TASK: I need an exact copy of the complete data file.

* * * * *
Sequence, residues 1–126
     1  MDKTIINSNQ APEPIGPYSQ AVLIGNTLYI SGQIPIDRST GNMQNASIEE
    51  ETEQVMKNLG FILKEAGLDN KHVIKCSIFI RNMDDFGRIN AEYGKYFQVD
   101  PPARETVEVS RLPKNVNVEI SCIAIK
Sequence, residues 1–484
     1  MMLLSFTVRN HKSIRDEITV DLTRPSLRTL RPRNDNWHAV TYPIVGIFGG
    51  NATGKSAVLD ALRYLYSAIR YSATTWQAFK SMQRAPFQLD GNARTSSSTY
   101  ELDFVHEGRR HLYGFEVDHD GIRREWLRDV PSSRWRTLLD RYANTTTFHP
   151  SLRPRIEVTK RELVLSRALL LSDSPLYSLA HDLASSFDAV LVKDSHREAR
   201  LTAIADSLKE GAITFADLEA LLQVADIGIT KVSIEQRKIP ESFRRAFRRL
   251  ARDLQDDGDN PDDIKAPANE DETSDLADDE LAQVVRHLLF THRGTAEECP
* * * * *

Sequence, residues 1–126
     1  MDKTIINSNQ APEPIGPYSQ AVLIGNTLYI SGQIPIDRST GNMQNASIEE
    51  ETEQVMKNLG FILKEAGLDN KHVIKCSIFI RNMDDFGRIN AEYGKYFQVD
   101  PPARETVEVS RLPKNVNVEI SCIAIK
Sequence, residues 1–484
     1  MMLLSFTVRN HKSIRDEITV DLTRPSLRTL RPRNDNWHAV TYPIVGIFGG
    51  NATGKSAVLD ALRYLYSAIR YSATTWQAFK SMQRAPFQLD GNARTSSSTY
   101  ELDFVHEGRR HLYGFEVDHD GIRREWLRDV PSSRWRTLLD RYANTTTFHP
   151  SLRPRIEVTK RELVLSRALL LSDSPLYSLA HDLASSFDAV LVKDSHREAR
   201  LTAIADSLKE GAITFADLEA LLQVADIGIT KVSIEQRKIP ESFRRAFRRL
   251  ARDLQDDGDN PDDIKAPANE DETSDLADDE LAQVVRHLLF THRGTAEECP